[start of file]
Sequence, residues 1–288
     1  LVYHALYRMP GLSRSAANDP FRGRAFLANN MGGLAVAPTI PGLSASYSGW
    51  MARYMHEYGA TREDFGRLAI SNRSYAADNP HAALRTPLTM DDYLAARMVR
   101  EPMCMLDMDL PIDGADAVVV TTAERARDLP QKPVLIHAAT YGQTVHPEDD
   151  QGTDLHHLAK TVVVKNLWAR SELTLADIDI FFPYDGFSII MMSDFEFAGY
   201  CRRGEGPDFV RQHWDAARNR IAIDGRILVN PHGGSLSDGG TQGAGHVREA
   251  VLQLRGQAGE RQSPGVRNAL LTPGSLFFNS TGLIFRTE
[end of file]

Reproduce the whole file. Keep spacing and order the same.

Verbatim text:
Sequence, residues 1–288
     1  LVYHALYRMP GLSRSAANDP FRGRAFLANN MGGLAVAPTI PGLSASYSGW
    51  MARYMHEYGA TREDFGRLAI SNRSYAADNP HAALRTPLTM DDYLAARMVR
   101  EPMCMLDMDL PIDGADAVVV TTAERARDLP QKPVLIHAAT YGQTVHPEDD
   151  QGTDLHHLAK TVVVKNLWAR SELTLADIDI FFPYDGFSII MMSDFEFAGY
   201  CRRGEGPDFV RQHWDAARNR IAIDGRILVN PHGGSLSDGG TQGAGHVREA
   251  VLQLRGQAGE RQSPGVRNAL LTPGSLFFNS TGLIFRTE